A quick online test can calculate our life expectancy

A quick online test can calculate our life expectancy

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Can the relative life expectancy be predicted? At least that is what Swedish scientists claim and thus cause a lot of discussion in the world of experts. An online questionnaire on ubble.co.uk enables women to answer eleven and men thirteen questions. At the end, the individual statistical life expectancy for the participant is calculated. Users between the ages of 40 and 70 can participate. But how useful and meaningful is the online test?

Based on the data from the so-called “UK Biobank”, Swedish scientists have determined factors that have a significant impact on the early risk of death and have developed an online test that predicts the likelihood of death in the next five years. Participating middle-aged men and women have to answer various questions and then learn how high their personal risk of death is.

Life expectancy also depends on social factors
For many people it is an enticing idea to know their own life expectancy, for others it is downright horror. With the risk calculator, which researchers at the Karolinska Institute in Stockholm developed based on data from UK Biobank, this should be possible. Based on different questions about health, lifestyle and family structures, such as "How many cars do you have?", "How many children did you have?" And "Have you ever been diagnosed with cancer from a doctor?" individual health risks are determined and statements can be made as to whether someone will leave life within the specified period.

The Swedish researchers Andrea Ganna from the Karolinska Institute in Stockholm and Professor Erik Ingelsson from the University of Uppsala used the UK biobank to analyze 655 factors that have an impact on the early risk of death. Subsequently, they were able to identify 13 factors for men and eleven for women that had a high impact and seemed suitable for predicting the probability of death. They summarized these factors in questions and developed the UK Longevity Explorer test (UbbLE test for short). Since then, brave people have been able to test the likelihood of their own death online over the next five years. The results of the Swedish studies were published in the specialist magazine "The Lancet".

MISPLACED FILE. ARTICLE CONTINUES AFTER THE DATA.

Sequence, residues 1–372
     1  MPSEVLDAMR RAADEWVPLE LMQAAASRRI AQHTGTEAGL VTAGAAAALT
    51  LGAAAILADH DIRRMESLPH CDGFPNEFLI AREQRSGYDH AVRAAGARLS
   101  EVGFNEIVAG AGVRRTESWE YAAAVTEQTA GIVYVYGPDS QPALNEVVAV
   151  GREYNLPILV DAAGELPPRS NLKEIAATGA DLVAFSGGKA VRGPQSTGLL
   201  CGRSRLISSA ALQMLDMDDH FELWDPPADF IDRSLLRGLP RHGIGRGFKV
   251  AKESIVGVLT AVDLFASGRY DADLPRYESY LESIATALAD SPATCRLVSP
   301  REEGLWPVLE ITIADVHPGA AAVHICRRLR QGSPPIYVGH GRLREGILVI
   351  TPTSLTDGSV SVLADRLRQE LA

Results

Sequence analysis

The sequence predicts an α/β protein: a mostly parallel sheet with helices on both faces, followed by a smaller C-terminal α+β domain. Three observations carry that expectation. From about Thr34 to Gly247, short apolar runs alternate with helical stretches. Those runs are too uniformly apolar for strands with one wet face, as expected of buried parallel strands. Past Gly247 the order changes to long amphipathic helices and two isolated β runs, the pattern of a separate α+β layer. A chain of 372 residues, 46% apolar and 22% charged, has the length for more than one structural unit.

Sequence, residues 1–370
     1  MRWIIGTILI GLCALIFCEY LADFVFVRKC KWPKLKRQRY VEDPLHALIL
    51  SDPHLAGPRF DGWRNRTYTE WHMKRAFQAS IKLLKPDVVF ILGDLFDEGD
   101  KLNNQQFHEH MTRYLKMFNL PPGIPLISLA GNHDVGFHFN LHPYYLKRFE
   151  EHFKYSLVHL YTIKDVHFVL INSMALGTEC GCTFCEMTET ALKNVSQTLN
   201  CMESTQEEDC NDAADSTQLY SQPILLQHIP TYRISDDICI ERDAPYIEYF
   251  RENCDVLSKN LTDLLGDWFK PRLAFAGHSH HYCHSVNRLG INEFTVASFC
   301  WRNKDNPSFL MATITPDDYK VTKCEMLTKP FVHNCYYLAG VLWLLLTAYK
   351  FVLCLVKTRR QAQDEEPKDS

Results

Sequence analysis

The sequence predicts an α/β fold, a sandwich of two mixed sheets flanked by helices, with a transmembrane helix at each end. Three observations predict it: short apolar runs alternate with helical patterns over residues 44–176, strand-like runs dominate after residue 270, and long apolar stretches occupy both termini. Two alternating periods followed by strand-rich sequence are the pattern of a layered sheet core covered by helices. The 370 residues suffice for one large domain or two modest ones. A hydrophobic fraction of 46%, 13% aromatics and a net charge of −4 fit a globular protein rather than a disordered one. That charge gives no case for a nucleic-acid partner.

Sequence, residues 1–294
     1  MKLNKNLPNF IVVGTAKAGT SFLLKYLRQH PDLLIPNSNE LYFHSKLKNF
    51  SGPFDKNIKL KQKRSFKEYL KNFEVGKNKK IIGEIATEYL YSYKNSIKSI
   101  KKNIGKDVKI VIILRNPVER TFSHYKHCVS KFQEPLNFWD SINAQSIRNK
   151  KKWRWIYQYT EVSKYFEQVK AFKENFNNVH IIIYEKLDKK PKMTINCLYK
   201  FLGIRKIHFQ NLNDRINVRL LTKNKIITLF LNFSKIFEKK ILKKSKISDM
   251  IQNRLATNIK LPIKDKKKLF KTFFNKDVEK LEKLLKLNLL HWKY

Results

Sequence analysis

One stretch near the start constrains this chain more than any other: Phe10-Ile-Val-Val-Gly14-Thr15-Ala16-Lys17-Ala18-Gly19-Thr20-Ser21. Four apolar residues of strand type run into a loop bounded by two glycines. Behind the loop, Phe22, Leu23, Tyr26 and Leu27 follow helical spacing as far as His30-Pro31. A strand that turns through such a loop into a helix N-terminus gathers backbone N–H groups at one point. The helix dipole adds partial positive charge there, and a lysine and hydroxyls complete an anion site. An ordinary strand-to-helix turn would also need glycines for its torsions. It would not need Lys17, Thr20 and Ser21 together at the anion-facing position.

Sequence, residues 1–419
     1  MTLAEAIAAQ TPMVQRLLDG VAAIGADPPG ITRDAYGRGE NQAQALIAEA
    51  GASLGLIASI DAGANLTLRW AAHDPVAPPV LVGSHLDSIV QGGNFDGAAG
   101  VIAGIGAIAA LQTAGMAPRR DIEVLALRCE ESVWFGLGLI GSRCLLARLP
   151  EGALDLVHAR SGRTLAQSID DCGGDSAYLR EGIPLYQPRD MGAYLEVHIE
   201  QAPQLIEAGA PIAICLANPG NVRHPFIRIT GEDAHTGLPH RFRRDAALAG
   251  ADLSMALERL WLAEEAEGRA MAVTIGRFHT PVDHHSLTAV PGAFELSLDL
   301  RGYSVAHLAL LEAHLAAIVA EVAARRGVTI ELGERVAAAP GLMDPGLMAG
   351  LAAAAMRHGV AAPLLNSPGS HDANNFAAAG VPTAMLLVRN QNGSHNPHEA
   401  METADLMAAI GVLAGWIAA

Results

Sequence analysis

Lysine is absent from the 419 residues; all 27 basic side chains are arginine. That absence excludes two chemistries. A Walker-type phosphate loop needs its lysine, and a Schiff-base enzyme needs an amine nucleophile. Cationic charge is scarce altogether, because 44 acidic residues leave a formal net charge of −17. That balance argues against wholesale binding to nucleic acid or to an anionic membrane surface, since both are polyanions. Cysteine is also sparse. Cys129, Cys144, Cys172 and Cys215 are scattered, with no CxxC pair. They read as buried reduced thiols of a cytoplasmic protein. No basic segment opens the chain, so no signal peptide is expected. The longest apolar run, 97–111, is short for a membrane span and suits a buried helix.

Participants experience their risk of death after 13 questions
The online test is only for British participants between the ages of 40 and 70 and starts with questions about age and gender. However, the next question already seems a bit offbeat regarding the risk of death. Here, the participants are asked to state how many cars or vans they own and when asked the number of housemates in the household. There are also questions about tobacco consumption, the assessment of one's own state of health, the daily running load and previous illnesses such as diabetes, cancer, a recent heart attack or stroke. Other questions focus on personal burdens such as the death of close relatives or financial problems. At the end of the test, the "UbbLE age" is communicated. If this is above the actual age, the personal risk of death is higher than the average in the same age group.

Assessment of one's own state of health with great influence
The results of the Swedish researchers in their analysis of the data from the UK biobank confirm many of the findings already available, but individual results may come as a surprise. For example, it is not surprising that previous cancer had the greatest impact on the risk of death in women. For men, however, it was above all the assessment of their own health that was decisive, which is a small surprise given the large number of possible factors. The researchers cite smoking as another significant factor that applies to both ages regardless of disease. The online test takes all of these factors into account and predicts the risk of death based on them. However, a reliable statement is not possible here, the Swedish researchers concede. In this sense, however, the test is also not intended, but rather it should identify people at risk and improve their health awareness. The test could also help doctors and healthcare professionals identify high-risk individuals and assign them to specific risk groups. (ag)

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Video: How to Calculate Your Life Expectancy


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